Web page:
Push The Sky Away, the fifteenth studio album from Nick Cave & The Bad Seeds, was released on February 18th 2013 and represented a pivotal moment in the band's long and illustrious career. Cave's remarkable band were in their 30th year when Push The Sky Away was released but they were still as creative and artistic as ever, albeit in a different guise to that which many would have associated them with at the time. 


The nine songs on Push The Sky Away are full of understated restraint and reserve, both instrumentally and vocally. Cave's penchant for violence and anger was long gone, replaced here with a tenderness that had often been sign posted but never entirely embraced so whole heartedly. The love songs of The Boatman's Call and the spectacular arrangements on the simultaneous releases of Abattoir Blues and The Lyre Of Orpheus signaled Cave's next phase but only in it's infancy. 

What Nick Cave & The Bad Seeds created on Push The Sky Away was a million miles away from The Birthday Party or Grinderman and was only connected to other Bad Seeds releases by the players, producer and writer-in-chief himself. There had been a few significant changes in the line-up for Cave's 15th studio album, most notably there was no Mick Harvey for the first time and also there was the reintroduction of founding member Barry Adamson who was last heard on the 1986 album Your Funeral... My Trial. (Sadly it was also the last album to feature keyboard player Conway Savage.) 

The album was produced by Nick Launay (Arcade Fire/Anna Calvi/Yeah Yeah Yeahs/Idles) who had produced the band's previous album Dig, Lazarus, Dig as well as Nocturama and Abattoir Blues/The Lyre of Orpheus. The stark differences between the Bad Seeds previous album, Dig, Lazarus, Dig and Push The Sky Away yet again highlighted Cave's propensity to amaze and astound. The shredded guitars and frenzied delivery of Dig was replaced by the hypnotic loops co-created with Warren Ellis. The snarling angsty anger of Cave's former demonic incarnation was gone, swapped out for a calm tranquility within the entirely exquisite compositions. 

Push The Sky Away has a delicacy and tenderness woven through it like a fine silken tapestry of beguiling beauty but it can still be unflinching and brutal. Cave tears at your heart strings before ripping out your innards and strangulating your circulation with jaw dropping imagery, literary sparkle and poetic flamboyance. His undoubted prowess at imparting a compelling and often disturbing tale are second to none and there are lyrical gems aplenty on PTSA. The first single taken from the album - Jubilee Street, is one of the more immediate among the nine track set and served as a fabulous introduction. The aching of the strings and the tremendous build of the tumultuous finale are matched only by the utterly brilliant lyrics..."I got love in my tummy and a tiny little pain, And a ten ton catastrophe on a 60 pound chain."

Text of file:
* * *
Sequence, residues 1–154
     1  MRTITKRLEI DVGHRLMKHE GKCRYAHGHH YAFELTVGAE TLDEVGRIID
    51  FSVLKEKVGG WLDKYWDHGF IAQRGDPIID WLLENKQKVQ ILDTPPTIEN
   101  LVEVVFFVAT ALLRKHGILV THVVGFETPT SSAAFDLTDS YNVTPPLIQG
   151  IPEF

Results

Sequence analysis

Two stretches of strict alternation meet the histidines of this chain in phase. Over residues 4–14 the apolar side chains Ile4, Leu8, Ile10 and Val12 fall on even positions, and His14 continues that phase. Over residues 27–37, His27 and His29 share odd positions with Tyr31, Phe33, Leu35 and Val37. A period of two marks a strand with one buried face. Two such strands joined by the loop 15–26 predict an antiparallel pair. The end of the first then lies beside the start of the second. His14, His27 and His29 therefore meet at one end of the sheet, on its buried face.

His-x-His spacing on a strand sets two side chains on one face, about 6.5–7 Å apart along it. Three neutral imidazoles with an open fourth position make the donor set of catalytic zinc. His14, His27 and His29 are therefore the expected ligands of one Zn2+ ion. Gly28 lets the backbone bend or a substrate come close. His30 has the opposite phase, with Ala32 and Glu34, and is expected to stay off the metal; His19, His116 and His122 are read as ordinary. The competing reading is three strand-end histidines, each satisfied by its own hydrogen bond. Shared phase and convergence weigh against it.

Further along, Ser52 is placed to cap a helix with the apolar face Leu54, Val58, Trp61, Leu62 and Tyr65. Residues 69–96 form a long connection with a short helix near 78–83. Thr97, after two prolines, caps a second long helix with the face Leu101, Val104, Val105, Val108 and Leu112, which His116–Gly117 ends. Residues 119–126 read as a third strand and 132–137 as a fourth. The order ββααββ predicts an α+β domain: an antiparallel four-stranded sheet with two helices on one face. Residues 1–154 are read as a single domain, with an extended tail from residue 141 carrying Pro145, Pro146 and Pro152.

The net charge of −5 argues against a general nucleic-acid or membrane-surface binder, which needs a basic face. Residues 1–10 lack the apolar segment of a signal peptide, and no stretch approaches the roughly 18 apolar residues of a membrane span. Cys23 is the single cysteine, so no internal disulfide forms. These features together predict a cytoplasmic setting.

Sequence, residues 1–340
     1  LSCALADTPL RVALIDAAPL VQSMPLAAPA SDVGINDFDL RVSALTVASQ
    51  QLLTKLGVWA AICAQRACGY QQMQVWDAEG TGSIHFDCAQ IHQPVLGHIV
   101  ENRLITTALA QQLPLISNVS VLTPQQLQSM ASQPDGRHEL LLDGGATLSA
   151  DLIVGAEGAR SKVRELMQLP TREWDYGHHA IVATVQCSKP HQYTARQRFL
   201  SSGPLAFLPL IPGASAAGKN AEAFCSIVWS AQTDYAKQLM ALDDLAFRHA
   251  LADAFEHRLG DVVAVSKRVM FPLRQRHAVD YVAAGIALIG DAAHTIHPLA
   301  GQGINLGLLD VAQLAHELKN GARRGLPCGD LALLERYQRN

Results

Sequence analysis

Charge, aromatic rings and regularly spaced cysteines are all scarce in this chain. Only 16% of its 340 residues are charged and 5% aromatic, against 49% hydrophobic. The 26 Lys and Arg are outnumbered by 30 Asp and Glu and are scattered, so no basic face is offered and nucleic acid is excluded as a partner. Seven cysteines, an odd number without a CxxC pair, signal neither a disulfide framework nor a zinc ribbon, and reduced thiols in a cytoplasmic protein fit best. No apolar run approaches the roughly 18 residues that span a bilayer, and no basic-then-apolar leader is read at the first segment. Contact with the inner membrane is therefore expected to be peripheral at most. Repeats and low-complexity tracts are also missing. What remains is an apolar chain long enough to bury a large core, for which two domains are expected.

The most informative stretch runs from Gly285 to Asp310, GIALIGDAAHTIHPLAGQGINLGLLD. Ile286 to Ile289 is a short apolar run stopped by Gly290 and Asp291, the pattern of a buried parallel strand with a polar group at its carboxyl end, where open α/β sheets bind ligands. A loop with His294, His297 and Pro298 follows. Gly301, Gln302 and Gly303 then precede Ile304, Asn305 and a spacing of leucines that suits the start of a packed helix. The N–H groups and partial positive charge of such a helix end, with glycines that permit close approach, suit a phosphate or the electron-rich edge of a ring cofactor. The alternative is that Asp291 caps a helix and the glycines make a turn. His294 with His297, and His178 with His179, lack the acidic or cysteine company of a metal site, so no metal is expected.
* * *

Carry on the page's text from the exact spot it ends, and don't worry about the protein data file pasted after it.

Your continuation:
At The Water's Edge is a gripping tale of promiscuous city girls - "their legs, wide to the World, like bibles open", given extra gravitas by the menacing and unnerving periodic injections of tempered mania provided by Warren Ellis. Here more than anywhere else on the album you can clearly hear the influence provided by the soundtrack scores that Cave and Ellis have partnered on. The sense of foreboding continues on the Wikipedia inspired We Real Cool and Nick shows he's not lost any of his often provocative wit on the beautifully melodic fragility of Mermaids.

Cave's ability to convey in such a limited time frame what others may take an essay to complete is no more finely captured than on Wide Lovely Eyes. His voice, slightly mellowed with a depth of soulful expression, wraps around each word with a caring caress. The metronomic and mesmerising arrangement is a triumph of subtlety and sensitivity. "I watch your hands like butterflies landing" Cave sings in his most emotive tones since The Boatman's Call.

Penultimately Nick Cave & The Bad Seeds treat us to a real tour-de-force with the indulgence of the heavier, more percussive Higgs Boson Blues where even Hannah Montana plays a cameo role and (As with Jubilee Street) there are some understated backing vocals provided by Children Of The Ecole St Martin. The title track closes out the terrific album with some sweeping organ notes and a booming bass line, courtesy of Barry Adamson, set to the intertwined vocal arrangement.

Push The Sky Away was a transitional album that divided fans at the time. Many were not happy with the direction in which Nick Cave had taken his influential band. "The man lost it after Henry's Dream. The younger Nick Cave would have despised this stuff" was a typical comment from one of his detractors, but it is both inaccurate and ill informed to suggest such. Nick Cave was merely writing a new chapter for the Bad Seeds and paving the way for 2016's equally compelling Skeleton Tree and 2019's sublime collection of songs - Ghosteen.